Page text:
Another risk is that, if the incorrect shade or opacity is used by your dentist, the aesthetic outcome can be quite poor – particularly when only one tooth is being treated. Aesthetics are also dependent on the skill of the operator, particularly in cases involving tooth shaping.
How long does cosmetic bonding last?
Cosmetic Bonding can last up to 5 years, but it may need to be replaced sooner if staining becomes an issue. You can ensure that you get the most out of your composite bonding by looking after your teeth and avoiding substances which can potentially crack the composite filling.
What you should ask before agreeing to cosmetic bonding
Although all dentists can provide cosmetic bonding, it relies upon excellent skill and manual dexterity to ensure the best aesthetic outcome.
You should therefore ask your dentist about his/her experience in cosmetic bonding and check that he/she has the specific materials required for the procedure. It is not acceptable to use the same material that is used for white fillings.
Risk of Staining
You should also ask about your specific risk of staining after treatment (based on your habits) and, therefore, how long you can expect the treatment to last. The cost implications should also be made clear to you.
If you are planning on using cosmetic bonding to reshape your teeth and/or close gaps, you can ask your dentist to arrange a diagnostic wax-up. This is a wax model which mimics what your teeth will look like after treatment.
Is cosmetic bonding suitable for me?
Your suitability for cosmetic bonding can only be decided once your dentist has completed a thorough assessment of your general oral health and the particular teeth in question. However, you are unlikely to be suitable if:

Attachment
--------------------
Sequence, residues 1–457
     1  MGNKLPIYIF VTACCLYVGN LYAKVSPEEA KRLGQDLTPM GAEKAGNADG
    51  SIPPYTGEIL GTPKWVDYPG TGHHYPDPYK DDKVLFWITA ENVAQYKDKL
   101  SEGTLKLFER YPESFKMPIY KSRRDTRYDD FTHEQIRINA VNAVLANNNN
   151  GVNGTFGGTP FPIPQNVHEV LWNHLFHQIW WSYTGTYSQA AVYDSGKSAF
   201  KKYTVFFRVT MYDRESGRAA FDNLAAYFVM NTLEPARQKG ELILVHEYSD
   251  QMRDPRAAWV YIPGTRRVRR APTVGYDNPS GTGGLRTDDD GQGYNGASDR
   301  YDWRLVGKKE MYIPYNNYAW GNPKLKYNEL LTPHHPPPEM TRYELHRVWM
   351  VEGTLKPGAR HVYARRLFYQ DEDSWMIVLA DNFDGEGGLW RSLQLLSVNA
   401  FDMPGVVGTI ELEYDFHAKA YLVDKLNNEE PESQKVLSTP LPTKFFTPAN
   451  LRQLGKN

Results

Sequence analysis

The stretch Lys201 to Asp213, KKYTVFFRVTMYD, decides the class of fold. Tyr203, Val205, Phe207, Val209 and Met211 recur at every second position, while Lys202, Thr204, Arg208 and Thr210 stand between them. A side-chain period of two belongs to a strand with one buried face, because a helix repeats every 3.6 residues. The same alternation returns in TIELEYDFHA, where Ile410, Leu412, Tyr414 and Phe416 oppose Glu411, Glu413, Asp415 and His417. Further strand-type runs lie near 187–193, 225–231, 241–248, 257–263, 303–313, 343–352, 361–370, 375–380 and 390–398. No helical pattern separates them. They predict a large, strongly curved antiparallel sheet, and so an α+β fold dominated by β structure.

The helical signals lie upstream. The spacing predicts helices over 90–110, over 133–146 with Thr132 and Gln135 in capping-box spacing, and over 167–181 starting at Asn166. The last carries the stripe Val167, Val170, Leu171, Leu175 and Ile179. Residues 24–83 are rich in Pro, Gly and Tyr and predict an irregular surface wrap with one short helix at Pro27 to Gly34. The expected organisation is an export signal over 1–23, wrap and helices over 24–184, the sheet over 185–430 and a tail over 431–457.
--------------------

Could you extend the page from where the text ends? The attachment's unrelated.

Your teeth are already heavily restored
If you have a lot of enamel missing (for example, due to large fractures)
If you have an untreated tooth grinding or clenching habit.
Bonding will not usually be able to mask deep discolouration completely.
Cosmetic bonding can be an excellent option to treat small chips or fractures in your front teeth. This form of cosmetic dental treatment can be useful to treat minor discolouration, to reshape your front teeth and to correct small gaps between your front teeth (known as diastemas). These can all be treated without having to drill your teeth at all.
What can I claim for if something goes wrong with my cosmetic bonding?
Although composite bonding might seem like the right option for you, complications can occur as a result of a dentist’s negligence, in a small number of cases. If you experience any of the below, you may be entitled to make a claim for dental negligence if;
Bonding placed on the incorrect tooth
Poor execution of the bonding resulting in the filling being chipped or falling off
Incorrect shade or colour placed by your dentist
Allergic reaction to the materials used
Persistent pain following the composite bonding procedure.
Contact the Dental Law Partnership
Unfortunately, things can go wrong as a result of malpractice or negligence by your dentist, resulting in an unexpected outcome.If your composite bonding procedure didn’t go to plan, you might be able to make a claim for compensation.
Our team of experts at the Dental Law Partnership can offer you the advice you need if you have been a victim of negligence, so give us a call today on freephone 0800 0853 823.
Alternatively, you can view some of our existing case studies.